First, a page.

Can trees really grow to 30'-35' in 3-4 years? ("Austrees")

Jack Decker ao944 at yfn.ysu.edu
Fri Mar 11 21:18:14 EST 1994


Ask the right question, and you can get a LOT of e-mail fast!  My
thanks to all who wrote in response to my question about "Austrees"
(Salix matsudana x alba).

I guess I should have stated the reason for my interest in these trees,
because many of the respondents seem to be under the impression that my
interest in these trees is primarily for wood production.  That is not
the case.

Actually, I'm more interested in these trees for the purpose of shade,
privacy screening, and windbreak, not necessarily in that order.

Several respondents have mentioned that poplar trees are also fast
growers.  I was aware of that, but I have seen some poplars that were
not all that attractive (in my opinion), although I suppose there are
many varieties of poplar.

Some have mentioned certain undesirable characteristics normally
associated with fast growing trees.  Characteristics CLAIMED for the
Austrees in the literature I received include:

Hardy ("has survived some of the coldest winters in the history of
Northern Canada").  "[T]he trees DO NOT spread or have BRITTLE WOOD and
have a LIFE SPAN of about 70 years. (This will depend on the growing
conditions and the planting site.)"

Do not spread by seed or sucker (actually, I wonder if this means you
can't propagate them except by buying more from the company?  I don't
mean legally, I mean I wonder if it's physically possible.)

Low branches provide a complete privacy screen (but you can cut off the
low branches if you want a more conventionally-shaped tree.  "[I]f a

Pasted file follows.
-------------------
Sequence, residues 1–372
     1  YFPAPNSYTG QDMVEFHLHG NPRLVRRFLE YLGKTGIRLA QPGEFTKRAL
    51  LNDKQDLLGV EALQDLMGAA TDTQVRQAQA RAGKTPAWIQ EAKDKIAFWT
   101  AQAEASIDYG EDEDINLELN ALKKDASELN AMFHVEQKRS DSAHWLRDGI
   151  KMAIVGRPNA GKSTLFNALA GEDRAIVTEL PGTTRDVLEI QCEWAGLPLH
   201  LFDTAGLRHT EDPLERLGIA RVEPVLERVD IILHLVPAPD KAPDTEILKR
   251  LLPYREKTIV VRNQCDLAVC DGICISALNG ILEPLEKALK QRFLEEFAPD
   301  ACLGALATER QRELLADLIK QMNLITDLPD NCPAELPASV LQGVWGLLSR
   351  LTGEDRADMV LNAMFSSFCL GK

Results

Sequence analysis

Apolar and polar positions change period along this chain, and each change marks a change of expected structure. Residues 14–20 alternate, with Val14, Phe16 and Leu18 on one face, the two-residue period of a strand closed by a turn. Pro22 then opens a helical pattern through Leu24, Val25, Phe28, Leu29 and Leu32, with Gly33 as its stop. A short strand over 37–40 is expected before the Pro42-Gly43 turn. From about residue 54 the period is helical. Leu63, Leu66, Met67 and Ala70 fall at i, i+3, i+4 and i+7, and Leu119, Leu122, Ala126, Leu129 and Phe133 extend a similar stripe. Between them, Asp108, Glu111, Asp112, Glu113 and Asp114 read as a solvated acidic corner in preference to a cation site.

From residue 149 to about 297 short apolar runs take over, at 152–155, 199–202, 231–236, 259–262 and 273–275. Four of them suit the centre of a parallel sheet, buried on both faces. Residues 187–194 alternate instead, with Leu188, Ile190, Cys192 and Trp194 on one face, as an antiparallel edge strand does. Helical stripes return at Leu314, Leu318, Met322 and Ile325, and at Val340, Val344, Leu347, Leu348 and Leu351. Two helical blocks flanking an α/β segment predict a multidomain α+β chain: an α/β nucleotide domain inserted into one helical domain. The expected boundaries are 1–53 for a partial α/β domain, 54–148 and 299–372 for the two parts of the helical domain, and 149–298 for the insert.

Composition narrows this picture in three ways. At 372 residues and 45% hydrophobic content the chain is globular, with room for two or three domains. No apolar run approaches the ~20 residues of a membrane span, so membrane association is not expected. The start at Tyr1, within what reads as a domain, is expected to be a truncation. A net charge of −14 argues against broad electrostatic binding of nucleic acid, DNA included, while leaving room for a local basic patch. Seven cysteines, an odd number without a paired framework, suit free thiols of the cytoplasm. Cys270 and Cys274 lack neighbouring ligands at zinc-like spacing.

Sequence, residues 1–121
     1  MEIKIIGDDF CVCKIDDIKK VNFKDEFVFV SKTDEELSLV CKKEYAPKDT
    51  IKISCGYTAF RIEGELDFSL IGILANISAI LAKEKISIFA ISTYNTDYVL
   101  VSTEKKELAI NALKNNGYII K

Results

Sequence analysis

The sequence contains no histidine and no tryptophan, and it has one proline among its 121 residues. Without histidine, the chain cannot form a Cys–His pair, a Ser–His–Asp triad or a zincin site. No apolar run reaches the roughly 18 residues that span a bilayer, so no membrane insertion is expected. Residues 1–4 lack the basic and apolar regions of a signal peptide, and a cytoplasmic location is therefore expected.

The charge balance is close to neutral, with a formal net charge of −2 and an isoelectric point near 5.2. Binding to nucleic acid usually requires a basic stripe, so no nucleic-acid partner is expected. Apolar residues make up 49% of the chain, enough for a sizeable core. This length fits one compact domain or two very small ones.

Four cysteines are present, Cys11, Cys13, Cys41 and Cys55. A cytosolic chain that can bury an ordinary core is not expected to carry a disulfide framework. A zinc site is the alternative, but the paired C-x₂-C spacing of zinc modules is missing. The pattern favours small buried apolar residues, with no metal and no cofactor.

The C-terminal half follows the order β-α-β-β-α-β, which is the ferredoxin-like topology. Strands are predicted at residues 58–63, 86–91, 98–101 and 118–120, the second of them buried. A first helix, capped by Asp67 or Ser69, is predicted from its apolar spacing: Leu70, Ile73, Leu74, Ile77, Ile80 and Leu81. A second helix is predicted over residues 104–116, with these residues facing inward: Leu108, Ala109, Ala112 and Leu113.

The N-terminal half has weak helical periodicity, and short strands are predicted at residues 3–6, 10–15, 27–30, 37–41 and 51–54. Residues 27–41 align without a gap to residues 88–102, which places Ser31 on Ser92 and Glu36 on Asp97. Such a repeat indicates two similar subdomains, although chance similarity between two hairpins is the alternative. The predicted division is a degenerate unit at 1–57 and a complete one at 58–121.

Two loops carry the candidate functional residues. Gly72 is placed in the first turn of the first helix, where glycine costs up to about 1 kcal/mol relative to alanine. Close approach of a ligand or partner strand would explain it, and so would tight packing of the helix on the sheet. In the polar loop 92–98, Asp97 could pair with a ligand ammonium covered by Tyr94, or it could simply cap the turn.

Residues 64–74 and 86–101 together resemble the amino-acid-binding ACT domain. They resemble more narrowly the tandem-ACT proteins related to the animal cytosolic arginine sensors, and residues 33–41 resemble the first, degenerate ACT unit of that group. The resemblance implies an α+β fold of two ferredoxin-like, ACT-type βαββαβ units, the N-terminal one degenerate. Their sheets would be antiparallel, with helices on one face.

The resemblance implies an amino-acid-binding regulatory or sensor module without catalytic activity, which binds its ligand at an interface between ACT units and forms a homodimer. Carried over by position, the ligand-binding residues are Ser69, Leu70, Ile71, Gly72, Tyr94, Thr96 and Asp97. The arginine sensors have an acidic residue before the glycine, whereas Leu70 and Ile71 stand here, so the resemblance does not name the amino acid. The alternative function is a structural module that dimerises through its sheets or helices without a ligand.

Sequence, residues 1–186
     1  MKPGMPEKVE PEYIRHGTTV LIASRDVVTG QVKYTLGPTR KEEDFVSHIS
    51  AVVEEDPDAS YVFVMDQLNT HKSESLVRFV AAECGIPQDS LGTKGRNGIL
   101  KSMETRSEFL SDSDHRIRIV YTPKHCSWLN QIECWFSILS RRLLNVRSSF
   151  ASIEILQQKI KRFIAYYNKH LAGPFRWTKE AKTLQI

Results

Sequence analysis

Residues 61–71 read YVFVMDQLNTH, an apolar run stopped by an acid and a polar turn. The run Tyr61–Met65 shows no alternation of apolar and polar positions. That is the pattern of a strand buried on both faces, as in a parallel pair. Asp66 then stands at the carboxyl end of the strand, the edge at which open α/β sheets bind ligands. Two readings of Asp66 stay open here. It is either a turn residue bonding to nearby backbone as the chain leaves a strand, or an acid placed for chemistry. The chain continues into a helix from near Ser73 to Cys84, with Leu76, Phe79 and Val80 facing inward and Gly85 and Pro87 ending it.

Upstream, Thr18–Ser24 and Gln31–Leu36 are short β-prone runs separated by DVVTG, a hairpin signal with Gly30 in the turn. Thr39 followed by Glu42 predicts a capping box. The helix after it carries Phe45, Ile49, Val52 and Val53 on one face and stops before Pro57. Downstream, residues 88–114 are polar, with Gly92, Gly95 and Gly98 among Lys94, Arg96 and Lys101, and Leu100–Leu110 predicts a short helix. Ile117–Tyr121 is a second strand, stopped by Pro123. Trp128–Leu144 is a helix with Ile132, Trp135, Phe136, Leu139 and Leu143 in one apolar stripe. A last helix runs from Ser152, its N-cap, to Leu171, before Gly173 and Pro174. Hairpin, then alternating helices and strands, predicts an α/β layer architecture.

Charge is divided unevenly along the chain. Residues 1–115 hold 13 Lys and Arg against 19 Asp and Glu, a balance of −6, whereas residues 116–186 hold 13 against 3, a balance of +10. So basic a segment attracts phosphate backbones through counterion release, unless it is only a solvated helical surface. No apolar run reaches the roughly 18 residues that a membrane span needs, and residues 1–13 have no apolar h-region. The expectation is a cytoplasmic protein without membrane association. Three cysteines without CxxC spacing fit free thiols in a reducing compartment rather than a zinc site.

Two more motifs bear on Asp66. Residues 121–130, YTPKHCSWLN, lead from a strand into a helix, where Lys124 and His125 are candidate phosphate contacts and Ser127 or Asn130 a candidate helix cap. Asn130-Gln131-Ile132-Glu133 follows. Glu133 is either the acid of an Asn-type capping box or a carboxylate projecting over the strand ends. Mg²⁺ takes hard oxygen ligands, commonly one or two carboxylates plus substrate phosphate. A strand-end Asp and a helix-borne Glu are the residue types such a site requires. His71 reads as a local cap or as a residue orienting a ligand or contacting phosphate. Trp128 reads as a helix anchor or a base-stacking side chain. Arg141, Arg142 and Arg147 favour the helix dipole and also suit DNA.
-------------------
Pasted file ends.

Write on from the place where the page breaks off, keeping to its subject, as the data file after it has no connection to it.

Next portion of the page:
shade tree is required the bottom branches can be cut off so there is
one trunk with a leafy canopy.").

Good for fire breaks.  "They do not ignite like many other trees.  Fire
damaged Austrees recover well by simply pruning off scorched wood."

The mailing makes several other claims, but I just wanted to try and
address some of the general concerns that have been voiced in my
e-mail.

I really haven't received any specific comments from people who have
had actual experience with these particular trees, except for one
gentleman whose brother in law had tried growing some (at least he
thinks they may have been Austrees) with good results, and one other
gentleman who was decidedly negative on them.  He likes fast-growing
hybrid poplars much better, but then he works with them in a biomass
production program at a major university.  I give his opinions a bit
more weight than I would those of someone who has no experience in the
field, but at the same time I recognize that he might be a bit partial
to the type of trees he works with on a day-to-day basis.

One reason I would tend to prefer an Austree over a poplar, all else
being equal (and I'm not saying it is) is that if the photos can be
believed, the Austrees have low branches that (if the tress are lined
up in a row) provide almost as much privacy as, say, a line of Blue
Spruce trees would.  However, the Austree is a deciduous tree, so
presumably some of that privacy would be lost in the winter.  My
thought would be that perhaps you could plant a row of Austrees and
then a row of slower-growing evergreens behind.  When the evergreens
mature, you could cut down the Austrees if you like.  In the meantime
you still get shade and privacy.  Or, in a situation where you want
shade trees around a home, you plant some Austrees and maybe some
maples or oaks, and then you have a mix of fast growing trees and
long-lived trees that will provide shade for now and the future
(although in this application you could probably use a hybrid poplar to
achieve the same effect).

One possible negative that I sort of infer from the literature is that
these trees may soak up a LOT of water, to the point where they could
actually lower the water table a bit.  That could potetially be bad for
other plant life in the area, I would think, unless you are willing to
compensate with extra irrigation.  But, I may be drawing an incorrect
inference here.

I would most like to hear from those who've had actual experience with
these trees (or knows someone who has grown them).  The testimonials in
the mailing piece are glowing, but of course they aren't going to print
the letters of complaint, if any!  I'm mainly looking for info from
unbiased sources, as it were.

Thanks again for all the information I've received so far.

Jack



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